Going a Few Rounds With Our Best Fighters

The river bounced through a hard channel of boulders, traversed a slight curve, and frothed into the inky pool. The size of half a soccer field was rimmed with ledge rock and floored at its edges with cobble. A collection of rocks reared their heads at the base of the pool before its waters fled down the next set of rapids.

The dark back of a salmon broached at the top of the pool just off the far shore. Another rolled ahead of the tail of the pool. Beneath the surface of the water, I could discern vague shapes of huge chunks of river rock behind which I knew that other salmon would be holding, waiting for whatever it was that would trigger their run up the river to the next pool to spawn. 

A fan of dry flies for trout in the United States, my native country, I bent on an orange bomber, securing it to my leader with a riffling hitch – that pair of half-hitches just aft of the hook’s eye – so I could skate it head up across the current. My rod was a single-hand, nine-foot, eight-weight, and those who’ve seen me cast are being kind when they describe my skills as modest.

I waded to the head of the pool and then out as deep as my chest-high waders would allow. I cast the fly as far as I could, but it fell well short of where the first salmon rolled. But the ‘vee’ it carved in the roiled surface of the pool was satisfactory, and I fished it down and all the way across before casting again and dropping the fly 18 inches downstream from the first cast.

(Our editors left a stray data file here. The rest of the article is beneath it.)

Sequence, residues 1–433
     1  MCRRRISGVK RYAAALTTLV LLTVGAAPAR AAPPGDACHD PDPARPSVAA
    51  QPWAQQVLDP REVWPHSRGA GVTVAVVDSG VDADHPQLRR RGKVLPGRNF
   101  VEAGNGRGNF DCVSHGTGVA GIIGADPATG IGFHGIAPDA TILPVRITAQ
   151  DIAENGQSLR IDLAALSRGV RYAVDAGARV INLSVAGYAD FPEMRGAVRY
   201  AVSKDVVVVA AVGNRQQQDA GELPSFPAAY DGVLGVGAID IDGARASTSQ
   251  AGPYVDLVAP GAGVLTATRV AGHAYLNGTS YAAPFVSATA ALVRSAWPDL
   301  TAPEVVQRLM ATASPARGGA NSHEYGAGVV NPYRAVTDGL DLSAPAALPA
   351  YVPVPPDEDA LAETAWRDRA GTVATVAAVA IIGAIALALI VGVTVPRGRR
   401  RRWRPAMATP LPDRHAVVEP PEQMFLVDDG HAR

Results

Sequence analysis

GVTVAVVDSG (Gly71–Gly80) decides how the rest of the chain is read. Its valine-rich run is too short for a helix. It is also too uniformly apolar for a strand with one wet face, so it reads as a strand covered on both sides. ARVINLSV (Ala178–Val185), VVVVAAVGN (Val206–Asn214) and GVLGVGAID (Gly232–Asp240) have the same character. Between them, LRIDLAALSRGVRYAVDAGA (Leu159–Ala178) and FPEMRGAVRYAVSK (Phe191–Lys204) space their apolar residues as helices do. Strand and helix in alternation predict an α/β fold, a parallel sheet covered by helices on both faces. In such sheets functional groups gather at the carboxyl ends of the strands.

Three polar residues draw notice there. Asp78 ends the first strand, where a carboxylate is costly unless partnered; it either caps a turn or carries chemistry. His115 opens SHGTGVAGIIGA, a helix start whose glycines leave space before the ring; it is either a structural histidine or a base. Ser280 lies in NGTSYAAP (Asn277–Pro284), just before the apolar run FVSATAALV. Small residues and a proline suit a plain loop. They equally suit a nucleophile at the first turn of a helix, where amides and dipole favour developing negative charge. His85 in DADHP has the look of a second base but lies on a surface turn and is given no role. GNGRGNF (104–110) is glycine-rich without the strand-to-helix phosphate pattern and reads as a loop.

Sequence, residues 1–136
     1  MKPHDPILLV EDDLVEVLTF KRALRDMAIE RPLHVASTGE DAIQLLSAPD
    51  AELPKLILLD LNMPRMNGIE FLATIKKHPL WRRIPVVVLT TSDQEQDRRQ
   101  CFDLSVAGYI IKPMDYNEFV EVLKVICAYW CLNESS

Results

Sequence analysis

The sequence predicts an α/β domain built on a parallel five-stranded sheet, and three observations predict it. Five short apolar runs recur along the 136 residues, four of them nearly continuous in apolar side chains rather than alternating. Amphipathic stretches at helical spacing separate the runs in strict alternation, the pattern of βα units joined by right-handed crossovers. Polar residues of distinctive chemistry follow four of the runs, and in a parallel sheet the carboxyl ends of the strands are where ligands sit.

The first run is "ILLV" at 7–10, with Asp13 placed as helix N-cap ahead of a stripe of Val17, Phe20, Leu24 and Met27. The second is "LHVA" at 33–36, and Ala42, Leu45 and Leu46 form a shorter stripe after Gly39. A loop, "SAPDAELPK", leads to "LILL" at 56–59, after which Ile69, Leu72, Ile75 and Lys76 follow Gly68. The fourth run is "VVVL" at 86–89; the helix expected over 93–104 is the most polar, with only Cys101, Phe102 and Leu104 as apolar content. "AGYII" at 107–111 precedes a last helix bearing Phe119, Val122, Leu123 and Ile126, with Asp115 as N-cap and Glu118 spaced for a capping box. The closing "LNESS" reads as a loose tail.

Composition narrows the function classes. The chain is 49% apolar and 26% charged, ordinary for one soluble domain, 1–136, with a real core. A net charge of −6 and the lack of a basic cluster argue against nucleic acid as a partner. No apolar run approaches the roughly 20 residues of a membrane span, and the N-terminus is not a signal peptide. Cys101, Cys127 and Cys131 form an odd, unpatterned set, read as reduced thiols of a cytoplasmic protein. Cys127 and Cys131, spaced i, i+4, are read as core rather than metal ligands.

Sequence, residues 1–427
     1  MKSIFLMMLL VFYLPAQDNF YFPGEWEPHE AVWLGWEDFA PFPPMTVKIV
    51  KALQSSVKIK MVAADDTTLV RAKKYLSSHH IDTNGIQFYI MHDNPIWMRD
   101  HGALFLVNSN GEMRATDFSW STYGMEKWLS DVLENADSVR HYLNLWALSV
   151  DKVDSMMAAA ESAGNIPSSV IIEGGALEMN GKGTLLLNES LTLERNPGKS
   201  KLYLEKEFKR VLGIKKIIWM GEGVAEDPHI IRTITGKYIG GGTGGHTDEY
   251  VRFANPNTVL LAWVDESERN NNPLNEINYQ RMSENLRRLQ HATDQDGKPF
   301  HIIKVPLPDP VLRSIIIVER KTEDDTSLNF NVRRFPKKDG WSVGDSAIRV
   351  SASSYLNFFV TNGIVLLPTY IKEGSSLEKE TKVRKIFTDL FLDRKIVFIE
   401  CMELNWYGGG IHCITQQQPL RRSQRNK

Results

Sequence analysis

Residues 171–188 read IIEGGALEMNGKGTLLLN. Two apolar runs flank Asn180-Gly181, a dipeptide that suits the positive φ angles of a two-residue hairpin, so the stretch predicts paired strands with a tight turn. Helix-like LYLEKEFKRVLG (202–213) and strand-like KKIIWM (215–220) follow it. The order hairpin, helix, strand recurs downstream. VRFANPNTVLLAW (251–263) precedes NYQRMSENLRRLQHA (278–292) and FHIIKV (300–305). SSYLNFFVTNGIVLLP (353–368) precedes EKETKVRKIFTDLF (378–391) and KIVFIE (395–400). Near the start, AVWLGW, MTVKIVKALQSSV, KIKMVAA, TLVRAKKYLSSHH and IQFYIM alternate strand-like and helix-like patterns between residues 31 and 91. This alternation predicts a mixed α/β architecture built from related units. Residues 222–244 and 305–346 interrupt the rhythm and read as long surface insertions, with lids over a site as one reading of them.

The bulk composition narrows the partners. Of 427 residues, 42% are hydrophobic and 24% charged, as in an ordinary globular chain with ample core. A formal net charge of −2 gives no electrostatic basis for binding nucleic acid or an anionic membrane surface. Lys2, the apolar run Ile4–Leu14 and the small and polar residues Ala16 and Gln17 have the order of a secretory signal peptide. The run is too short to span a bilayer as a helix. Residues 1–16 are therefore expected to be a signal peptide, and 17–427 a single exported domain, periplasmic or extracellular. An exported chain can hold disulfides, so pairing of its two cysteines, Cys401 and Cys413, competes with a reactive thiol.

No cast counter am I, so I can’t tell you the number of the one when the first fish took. Besides, its aerobatics chased whatever numbers there were from my mind. What I can tell you is that its back was as blue as early dawn and its sides glistened like stainless steel. Its heart was made of the same unforgiving stuff. It ripped my line fully up the pool before charging back toward me like a young bull. At the end of the battle my guide deftly netted it – a grilse of about four pounds.

Grilse or no, this was my first encounter with Salmo Salar. On the four days I spent on the river, I tangled with more than half a dozen salmon as well as scores of fat brook trout that make ours here in the United States look like bait fish. The next morning, another angler hooked and landed a 30-pound salmon from where I’d been standing the previous day. He was a first-time flyfisher using a rod and reel borrowed from a friend. So it goes with angling for the king of cold-water fishes.

There are other destinations in the northern hemisphere that are more widely known than the salmon rivers of Newfoundland and Labrador. But many of those locales have fallen victim to their reputations and promise more than they deliver. Not so with the salmon fisheries of Newfoundland and Labrador. Here you’ll find excellent angling, outstanding service and accommodations, country as pure and lovely as anywhere in the world, and all at a price that doesn’t require a second mortgage.

Having written a bit over the last 20 years of great rivers and lodges in the States and Canada, I can tell you there are few rivers friendlier to novice salmon anglers than those of the northeastern-most provinces of Canada, and experienced anglers will hook and land even more fish. Typically, the best runs of salmon begin in early July and continue through mid-August.